Bulbs For Shade

Bulbs For Shade
Regardless of whether or not it’s a little shade or a lot, very few landscapes are immune from its presence. And for gardeners, getting plants to grow in shade oftentimes creates more anxiety than success. Although there are many plants that thrive in shady areas, offering you a wide variety of design options that will fit your needs, few plants have the flexibility of bulbs. Bulbs are easy to grow and naturally adapt to challenging conditions. While we are often led to believe that most flowering bulbs prefer sun, many bulbs do extremely well in shade. Some of the most beautiful bulbs thrive in shady locations, brightening up the gloominess that shade is well known for. In fact, many bulb species originate from shady, mountainous regions of Eastern Europe, making them ideal candidates for similar situations within the landscape of your home and garden.

Favorites for planting in these conditions include the wonderfully fragrant Lily-of-the-Valley (Convallaria majalis). Lily-of-the-Valley has clusters of small, white or pink, bell-shaped flowers that hang from a strong stalk. The most outstanding feature of this bulb is its sweet fragrance; however, it does best when planted in partial shade. Fragrant bluebells are another great bulb alternative for shade gardeners, especially English Bluebells (Hyacinthoides non-scripta), producing a lovely shade of violet-blue. Each plant can produce as many as a hundred bell-shaped flowers, which have a honey-like fragrance. These plants naturalize quite well in shade but they are also tolerant of wet soils, another bonus for those moist areas of the garden.

Trout lilies (Erythronium) benefit from partial shade, thriving beautifully in woodland settings. Blooming in spring in shades of yellow, white, pink, or purple, their lily-like flowers hover above green and purple-mottled, ground-hugging foliage. Trout lilies make good specimens for naturalizing in shady areas. Cyclamens are commonly grown for their delightfully arching flowers, in shades of white, pink, red, or purple, depending on the species. Some species flower early in the year, while others wait until late summer; however, the majority of cyclamen species provide an interesting winter groundcover in shady gardens.

Siberian Squill (Scilla siberica), with intense blue flowers, is not only lovely, but this bulb is extremely hardy. It is also one of the best bulbs for naturalizing. While most Squill species can be somewhat aggressive in the garden, shade gardeners should welcome their ground covering capabilities as well as their brilliant color. Blooming weeks before crocuses, the Garden Snowdrop (Galanthus nivalis), when planted in drifts, can make a dramatic effect in some of the darkest areas of the garden. The stunning white blooms resemble drops of milk hanging from its stem. Not only does this remarkable little bulb add interest to shady locations, but deer and rodents also avoid the Garden Snowdrop.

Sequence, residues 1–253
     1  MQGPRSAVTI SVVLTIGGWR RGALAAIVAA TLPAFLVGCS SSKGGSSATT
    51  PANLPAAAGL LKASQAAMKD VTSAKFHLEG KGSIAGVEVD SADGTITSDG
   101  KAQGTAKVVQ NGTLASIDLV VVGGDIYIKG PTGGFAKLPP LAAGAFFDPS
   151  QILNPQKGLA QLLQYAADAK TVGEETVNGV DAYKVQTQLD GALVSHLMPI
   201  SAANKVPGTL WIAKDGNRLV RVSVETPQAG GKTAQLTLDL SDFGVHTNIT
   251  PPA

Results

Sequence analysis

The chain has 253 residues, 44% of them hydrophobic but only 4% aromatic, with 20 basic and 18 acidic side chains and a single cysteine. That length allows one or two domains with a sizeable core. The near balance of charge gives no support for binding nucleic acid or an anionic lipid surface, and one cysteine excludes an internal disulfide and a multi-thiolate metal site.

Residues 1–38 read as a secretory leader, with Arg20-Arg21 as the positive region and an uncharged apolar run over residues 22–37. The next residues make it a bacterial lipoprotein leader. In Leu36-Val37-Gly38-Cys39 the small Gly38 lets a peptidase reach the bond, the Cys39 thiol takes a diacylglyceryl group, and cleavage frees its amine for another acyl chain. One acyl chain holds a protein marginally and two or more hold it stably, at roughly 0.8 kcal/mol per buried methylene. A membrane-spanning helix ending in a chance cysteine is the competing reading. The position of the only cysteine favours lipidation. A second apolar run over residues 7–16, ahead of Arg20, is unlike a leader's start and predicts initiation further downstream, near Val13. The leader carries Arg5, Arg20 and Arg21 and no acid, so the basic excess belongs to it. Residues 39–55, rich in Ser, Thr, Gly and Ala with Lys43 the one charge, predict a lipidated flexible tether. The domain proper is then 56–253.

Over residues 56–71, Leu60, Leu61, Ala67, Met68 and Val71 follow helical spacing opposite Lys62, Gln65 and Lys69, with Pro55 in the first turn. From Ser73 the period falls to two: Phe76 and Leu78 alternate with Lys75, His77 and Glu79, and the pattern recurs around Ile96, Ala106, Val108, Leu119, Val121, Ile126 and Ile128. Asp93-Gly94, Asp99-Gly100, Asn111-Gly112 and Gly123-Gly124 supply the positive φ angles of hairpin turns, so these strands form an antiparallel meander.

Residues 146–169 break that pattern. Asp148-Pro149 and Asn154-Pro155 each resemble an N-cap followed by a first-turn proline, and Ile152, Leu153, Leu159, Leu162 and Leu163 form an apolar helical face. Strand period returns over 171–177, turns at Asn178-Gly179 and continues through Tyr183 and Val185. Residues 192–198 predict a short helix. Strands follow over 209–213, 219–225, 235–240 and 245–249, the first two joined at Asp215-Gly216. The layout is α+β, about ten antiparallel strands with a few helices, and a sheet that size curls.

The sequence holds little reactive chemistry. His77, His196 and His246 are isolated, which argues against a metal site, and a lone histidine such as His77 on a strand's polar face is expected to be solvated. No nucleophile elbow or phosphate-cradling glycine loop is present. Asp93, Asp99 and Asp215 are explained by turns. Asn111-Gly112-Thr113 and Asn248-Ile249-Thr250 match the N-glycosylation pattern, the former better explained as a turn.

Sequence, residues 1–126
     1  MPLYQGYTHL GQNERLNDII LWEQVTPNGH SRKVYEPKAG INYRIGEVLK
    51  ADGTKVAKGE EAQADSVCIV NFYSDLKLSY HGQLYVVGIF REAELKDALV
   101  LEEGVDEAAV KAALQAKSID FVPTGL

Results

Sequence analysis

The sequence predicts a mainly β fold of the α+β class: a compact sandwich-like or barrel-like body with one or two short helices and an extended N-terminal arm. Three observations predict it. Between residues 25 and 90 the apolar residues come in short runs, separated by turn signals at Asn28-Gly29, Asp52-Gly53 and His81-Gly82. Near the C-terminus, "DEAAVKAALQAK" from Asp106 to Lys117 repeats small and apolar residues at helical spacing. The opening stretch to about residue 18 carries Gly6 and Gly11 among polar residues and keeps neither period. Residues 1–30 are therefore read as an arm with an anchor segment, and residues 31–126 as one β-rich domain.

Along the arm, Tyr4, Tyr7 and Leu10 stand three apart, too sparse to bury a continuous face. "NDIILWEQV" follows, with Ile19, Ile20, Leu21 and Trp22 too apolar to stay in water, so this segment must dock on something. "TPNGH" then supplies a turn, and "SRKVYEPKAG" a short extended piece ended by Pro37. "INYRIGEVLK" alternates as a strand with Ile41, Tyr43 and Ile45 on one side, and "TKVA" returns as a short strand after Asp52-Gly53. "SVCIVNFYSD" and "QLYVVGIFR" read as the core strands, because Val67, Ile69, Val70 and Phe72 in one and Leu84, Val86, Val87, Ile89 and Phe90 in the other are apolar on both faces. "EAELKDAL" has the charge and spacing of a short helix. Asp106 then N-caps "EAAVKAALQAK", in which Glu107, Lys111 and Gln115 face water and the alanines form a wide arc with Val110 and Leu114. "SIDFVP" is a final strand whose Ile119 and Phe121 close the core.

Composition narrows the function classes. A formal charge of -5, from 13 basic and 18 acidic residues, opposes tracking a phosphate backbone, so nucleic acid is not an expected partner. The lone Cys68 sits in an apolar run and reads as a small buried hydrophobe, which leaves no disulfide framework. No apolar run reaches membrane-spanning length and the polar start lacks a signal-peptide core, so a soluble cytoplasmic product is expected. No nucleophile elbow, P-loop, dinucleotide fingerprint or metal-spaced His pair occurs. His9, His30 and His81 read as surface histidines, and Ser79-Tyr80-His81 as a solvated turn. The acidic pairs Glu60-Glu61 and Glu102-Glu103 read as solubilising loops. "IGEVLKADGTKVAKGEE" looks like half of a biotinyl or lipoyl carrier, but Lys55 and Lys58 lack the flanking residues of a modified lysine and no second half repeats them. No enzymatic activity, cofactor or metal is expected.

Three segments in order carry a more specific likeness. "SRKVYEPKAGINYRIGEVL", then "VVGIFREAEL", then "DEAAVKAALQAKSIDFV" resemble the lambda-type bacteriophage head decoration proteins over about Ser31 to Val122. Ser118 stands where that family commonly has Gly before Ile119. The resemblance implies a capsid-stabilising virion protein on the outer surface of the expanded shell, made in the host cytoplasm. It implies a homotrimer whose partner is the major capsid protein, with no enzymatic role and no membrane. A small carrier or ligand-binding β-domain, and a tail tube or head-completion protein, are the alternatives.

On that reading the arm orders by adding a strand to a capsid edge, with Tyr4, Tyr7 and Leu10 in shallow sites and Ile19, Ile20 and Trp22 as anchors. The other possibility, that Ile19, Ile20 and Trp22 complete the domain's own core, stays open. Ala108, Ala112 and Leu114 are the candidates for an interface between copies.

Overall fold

Few bulbs are as lovely as the Anemone, especially the more commonly known, Grecian Windflower. This sun or shade lover adds instant color to drab areas. Planting in groups will provide a greater effect, producing clumps of short, compact daisy-like blooms. Blooming in spring, Grecian Windflowers will color the shade garden with splashes of pink, blue, mauve, and fuchsia. Another consideration here is the Wood anemone (Anemone nemerosa). While it’s not quite as showy as Grecian Windflowers, it offers pastel shades, adding subtle colors in the garden rather than jewel tones. Unbeknownst to many, the Crown imperial (Fritillaria imperialis) has a well-kept secret. This beautiful bulb enjoys the dappled shade cast from a high canopy of trees. With tufts of foliage on top and yellow or orange-red flowers beneath, tucked into a shady bed this early spring bloomer will add both striking color and interest.

Other favorites include caladiums, tuberous begonias, lilies, grape hyacinths. Mix them in with a variety of woodland plants such as bleeding heart, hosta, fern, and hardy ageratum for a dazzling display of color and texture. If you’re one of those gardeners who dread the thought of fighting with shade, these shade-loving bulbs make ideal choices for solving these troubling areas of the garden.

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